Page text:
organization:university of illinois at chicago

  • Naked Mole-Rats Take on Plant-like Role to Survive Oxygen Deprivation

    Metabolizing fructose to produce energy anaerobically through a specific metabolic pathway is a process that scientists previously thought was only used by plants. Not so, says new research. 

    Naked mole-rats can survive low-oxygen conditions that in all other mammals would normally result in brain cell death, by making a switch from a glucose-based system that depends on oxygen, to one where their brain cells start burning fructose.

    This is just the latest remarkable discovery about the naked #mole-rat —a cold-blooded mammal that lives decades longer than other rodents, rarely gets cancer, and doesn’t feel many types of pain,” study leader, Thomas Park, professor of biological sciences at the University of Illinois at Chicago, said in a statement.

    For the study, published this week in Science, naked mole-rats were exposed to low oxygen levels in the lab, and researchers observed that large amounts of fructose was released into the bloodstream. Molecular fructose pumps, which are only found on cells of the intestine in all other mammals, transport the fructose into the naked mole-rats brain cells.

    Park has studied the interesting creature for 18 years and said: “The naked mole-rat has simply rearranged some basic building-blocks of metabolism to make it super-tolerant to low oxygen conditions.”

    The animals go into a state of suspended animation and can even live through 18 minutes of total oxygen deprivation. When they go into the suspended animation state, their breathing slows dramatically, as well as their heart rate, which drops from 200 to about 50 beats per minute. They are the only mammals known to employ this method for survival of oxygen deprivation.

    Once oxygen becomes available, they resume normal activity with no signs of lasting damage.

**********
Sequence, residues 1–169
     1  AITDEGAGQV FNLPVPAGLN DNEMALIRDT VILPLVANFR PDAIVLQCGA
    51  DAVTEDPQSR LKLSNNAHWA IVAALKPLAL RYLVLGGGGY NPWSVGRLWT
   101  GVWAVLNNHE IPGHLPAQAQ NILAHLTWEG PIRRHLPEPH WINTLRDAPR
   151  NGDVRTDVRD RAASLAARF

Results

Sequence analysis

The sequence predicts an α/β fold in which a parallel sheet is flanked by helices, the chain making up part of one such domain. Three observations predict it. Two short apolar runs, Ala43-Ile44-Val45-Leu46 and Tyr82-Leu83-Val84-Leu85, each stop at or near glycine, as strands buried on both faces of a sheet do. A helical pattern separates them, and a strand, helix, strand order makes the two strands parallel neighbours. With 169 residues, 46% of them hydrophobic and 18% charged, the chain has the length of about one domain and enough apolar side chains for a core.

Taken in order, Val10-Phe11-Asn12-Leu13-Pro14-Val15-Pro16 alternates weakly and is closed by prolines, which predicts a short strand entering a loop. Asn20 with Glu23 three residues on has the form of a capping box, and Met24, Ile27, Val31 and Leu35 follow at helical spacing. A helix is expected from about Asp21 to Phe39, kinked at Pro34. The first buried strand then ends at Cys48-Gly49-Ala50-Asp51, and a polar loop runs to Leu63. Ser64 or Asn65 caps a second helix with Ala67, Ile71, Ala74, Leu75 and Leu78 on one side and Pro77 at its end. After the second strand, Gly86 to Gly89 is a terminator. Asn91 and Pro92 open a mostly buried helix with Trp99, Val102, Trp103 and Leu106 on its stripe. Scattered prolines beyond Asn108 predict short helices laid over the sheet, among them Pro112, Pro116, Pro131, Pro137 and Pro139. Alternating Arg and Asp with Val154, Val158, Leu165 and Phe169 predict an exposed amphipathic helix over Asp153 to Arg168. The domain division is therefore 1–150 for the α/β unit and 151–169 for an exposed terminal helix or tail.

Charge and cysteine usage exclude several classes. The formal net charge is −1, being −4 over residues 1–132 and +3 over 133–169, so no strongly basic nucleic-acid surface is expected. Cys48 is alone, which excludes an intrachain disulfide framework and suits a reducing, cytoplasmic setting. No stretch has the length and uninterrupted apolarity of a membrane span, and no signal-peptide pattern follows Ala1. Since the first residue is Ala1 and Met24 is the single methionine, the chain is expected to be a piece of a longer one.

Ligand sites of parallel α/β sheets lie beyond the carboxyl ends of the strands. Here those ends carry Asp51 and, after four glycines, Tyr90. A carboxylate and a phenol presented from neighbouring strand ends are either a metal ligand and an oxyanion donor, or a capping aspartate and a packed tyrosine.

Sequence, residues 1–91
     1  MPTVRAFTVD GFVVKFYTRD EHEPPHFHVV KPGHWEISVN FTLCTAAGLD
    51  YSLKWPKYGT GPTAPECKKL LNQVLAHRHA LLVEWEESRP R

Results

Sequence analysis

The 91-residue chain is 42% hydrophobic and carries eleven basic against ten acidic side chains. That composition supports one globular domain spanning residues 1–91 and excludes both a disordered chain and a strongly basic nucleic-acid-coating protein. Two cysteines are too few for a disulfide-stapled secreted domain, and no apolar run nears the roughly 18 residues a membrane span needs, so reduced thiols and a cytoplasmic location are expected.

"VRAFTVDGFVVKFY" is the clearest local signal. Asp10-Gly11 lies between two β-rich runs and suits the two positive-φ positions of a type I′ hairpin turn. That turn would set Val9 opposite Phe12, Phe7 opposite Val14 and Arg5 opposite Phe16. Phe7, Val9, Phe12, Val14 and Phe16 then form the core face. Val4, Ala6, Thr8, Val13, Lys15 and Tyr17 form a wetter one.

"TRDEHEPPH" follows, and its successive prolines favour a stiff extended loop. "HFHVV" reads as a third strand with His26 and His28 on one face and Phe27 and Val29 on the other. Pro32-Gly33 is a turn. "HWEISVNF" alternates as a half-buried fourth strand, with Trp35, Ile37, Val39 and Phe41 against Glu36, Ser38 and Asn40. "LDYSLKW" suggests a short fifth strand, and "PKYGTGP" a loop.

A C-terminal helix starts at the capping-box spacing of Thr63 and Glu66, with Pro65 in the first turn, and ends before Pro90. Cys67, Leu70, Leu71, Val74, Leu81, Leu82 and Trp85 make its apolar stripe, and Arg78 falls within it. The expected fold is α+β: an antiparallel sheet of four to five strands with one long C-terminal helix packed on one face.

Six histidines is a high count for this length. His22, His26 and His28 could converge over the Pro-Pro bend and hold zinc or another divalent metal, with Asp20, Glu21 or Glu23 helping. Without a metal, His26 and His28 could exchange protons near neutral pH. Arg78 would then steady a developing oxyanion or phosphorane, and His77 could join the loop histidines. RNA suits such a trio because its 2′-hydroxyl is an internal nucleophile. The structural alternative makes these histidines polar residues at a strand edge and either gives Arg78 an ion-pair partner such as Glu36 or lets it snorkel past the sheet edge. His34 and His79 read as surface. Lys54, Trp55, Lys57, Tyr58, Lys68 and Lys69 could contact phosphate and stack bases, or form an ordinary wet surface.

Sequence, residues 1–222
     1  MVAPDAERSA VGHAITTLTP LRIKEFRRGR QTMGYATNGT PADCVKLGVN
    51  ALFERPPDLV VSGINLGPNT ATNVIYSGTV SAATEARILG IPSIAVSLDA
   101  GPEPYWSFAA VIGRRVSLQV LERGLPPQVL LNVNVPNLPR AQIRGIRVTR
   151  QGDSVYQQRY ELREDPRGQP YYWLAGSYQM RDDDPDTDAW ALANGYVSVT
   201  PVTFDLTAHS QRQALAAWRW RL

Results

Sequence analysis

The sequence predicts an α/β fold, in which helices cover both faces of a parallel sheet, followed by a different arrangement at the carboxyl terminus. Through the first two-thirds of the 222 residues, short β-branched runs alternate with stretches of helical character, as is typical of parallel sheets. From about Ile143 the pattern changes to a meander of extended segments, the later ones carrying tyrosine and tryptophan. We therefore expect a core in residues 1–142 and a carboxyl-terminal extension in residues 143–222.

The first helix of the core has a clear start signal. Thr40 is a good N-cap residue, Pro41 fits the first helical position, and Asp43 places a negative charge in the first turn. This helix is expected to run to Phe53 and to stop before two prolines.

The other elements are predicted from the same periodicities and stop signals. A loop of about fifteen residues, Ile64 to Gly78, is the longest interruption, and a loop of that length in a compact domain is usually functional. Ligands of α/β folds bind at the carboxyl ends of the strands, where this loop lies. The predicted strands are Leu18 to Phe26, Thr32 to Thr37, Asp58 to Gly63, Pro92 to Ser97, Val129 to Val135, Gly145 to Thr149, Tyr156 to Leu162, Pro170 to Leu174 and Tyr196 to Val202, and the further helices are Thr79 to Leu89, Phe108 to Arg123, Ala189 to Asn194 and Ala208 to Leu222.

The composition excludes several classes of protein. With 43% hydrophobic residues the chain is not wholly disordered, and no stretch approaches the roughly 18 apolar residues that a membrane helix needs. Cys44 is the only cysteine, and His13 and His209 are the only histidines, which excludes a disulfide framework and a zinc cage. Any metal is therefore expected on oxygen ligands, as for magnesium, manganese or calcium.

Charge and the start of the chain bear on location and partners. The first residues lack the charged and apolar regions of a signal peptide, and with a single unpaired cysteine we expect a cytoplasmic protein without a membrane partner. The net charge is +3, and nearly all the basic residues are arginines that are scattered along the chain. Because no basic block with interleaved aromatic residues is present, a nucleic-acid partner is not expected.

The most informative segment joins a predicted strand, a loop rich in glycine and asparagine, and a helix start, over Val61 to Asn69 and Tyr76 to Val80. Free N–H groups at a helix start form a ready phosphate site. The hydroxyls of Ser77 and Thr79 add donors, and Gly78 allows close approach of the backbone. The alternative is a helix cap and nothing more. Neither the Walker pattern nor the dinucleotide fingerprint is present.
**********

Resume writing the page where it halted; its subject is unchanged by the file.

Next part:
Le retour de l’incroyable #rat-taupe
    (au moins la 3ème apparition ici)

  • The great melting | The Economist

    Voilà, ils ont osé faire la carte.

    Cities are becoming less racially segregated. For that, thank suburban sprawl, extortionate house prices and immigrants
    Jan 9th 2016 | CHICAGO AND NEWHAM | From the print edition

    OAK PARK, just outside Chicago, is known to architecture aficionados as the home of Frank Lloyd Wright, who built some fine houses there. This small suburban village also has another distinction: it is racially mixed. In the 1970s it vigorously enforced anti-segregation laws; today the “People’s Republic of Oak Park”, as it is sardonically known, is 64% white, 21% black and 7% Hispanic. “Oak Park stands out so much,” says Maria Krysan at the University of Illinois at Chicago. But it does not stand out quite as much as it used to.

    America remains a racially divided country, and Chicago is one of its most segregated cities. The south side is almost entirely black; northern districts such as Lincoln Park are golf-ball white; a western slice is heavily Hispanic. Yet the Chicago metropolis as a whole—the city plus suburban burghs like Oak Park—is gradually blending. For several reasons, that trend is almost certainly unstoppable.